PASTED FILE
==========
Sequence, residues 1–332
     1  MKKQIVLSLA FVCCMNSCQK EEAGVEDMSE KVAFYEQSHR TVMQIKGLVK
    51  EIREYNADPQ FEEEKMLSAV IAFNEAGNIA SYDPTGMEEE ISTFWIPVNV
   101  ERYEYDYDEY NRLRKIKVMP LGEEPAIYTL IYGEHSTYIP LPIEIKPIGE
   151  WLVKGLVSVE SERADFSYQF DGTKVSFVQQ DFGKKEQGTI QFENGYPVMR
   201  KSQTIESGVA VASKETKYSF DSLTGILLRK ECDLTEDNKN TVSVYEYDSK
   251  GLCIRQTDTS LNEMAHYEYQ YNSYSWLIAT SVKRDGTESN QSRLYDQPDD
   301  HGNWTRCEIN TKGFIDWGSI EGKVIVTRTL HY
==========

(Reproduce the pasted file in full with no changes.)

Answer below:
Sequence, residues 1–332
     1  MKKQIVLSLA FVCCMNSCQK EEAGVEDMSE KVAFYEQSHR TVMQIKGLVK
    51  EIREYNADPQ FEEEKMLSAV IAFNEAGNIA SYDPTGMEEE ISTFWIPVNV
   101  ERYEYDYDEY NRLRKIKVMP LGEEPAIYTL IYGEHSTYIP LPIEIKPIGE
   151  WLVKGLVSVE SERADFSYQF DGTKVSFVQQ DFGKKEQGTI QFENGYPVMR
   201  KSQTIESGVA VASKETKYSF DSLTGILLRK ECDLTEDNKN TVSVYEYDSK
   251  GLCIRQTDTS LNEMAHYEYQ YNSYSWLIAT SVKRDGTESN QSRLYDQPDD
   301  HGNWTRCEIN TKGFIDWGSI EGKVIVTRTL HY